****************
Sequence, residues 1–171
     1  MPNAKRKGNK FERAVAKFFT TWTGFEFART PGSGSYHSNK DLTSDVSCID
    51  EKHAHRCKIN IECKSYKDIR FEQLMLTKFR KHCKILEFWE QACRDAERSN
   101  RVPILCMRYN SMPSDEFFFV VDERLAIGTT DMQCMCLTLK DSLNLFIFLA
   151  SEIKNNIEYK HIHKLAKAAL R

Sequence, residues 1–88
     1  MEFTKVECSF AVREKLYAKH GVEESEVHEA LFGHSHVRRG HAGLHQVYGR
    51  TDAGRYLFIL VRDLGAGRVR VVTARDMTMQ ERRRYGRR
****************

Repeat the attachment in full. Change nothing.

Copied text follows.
Sequence, residues 1–171
     1  MPNAKRKGNK FERAVAKFFT TWTGFEFART PGSGSYHSNK DLTSDVSCID
    51  EKHAHRCKIN IECKSYKDIR FEQLMLTKFR KHCKILEFWE QACRDAERSN
   101  RVPILCMRYN SMPSDEFFFV VDERLAIGTT DMQCMCLTLK DSLNLFIFLA
   151  SEIKNNIEYK HIHKLAKAAL R

Sequence, residues 1–88
     1  MEFTKVECSF AVREKLYAKH GVEESEVHEA LFGHSHVRRG HAGLHQVYGR
    51  TDAGRYLFIL VRDLGAGRVR VVTARDMTMQ ERRRYGRR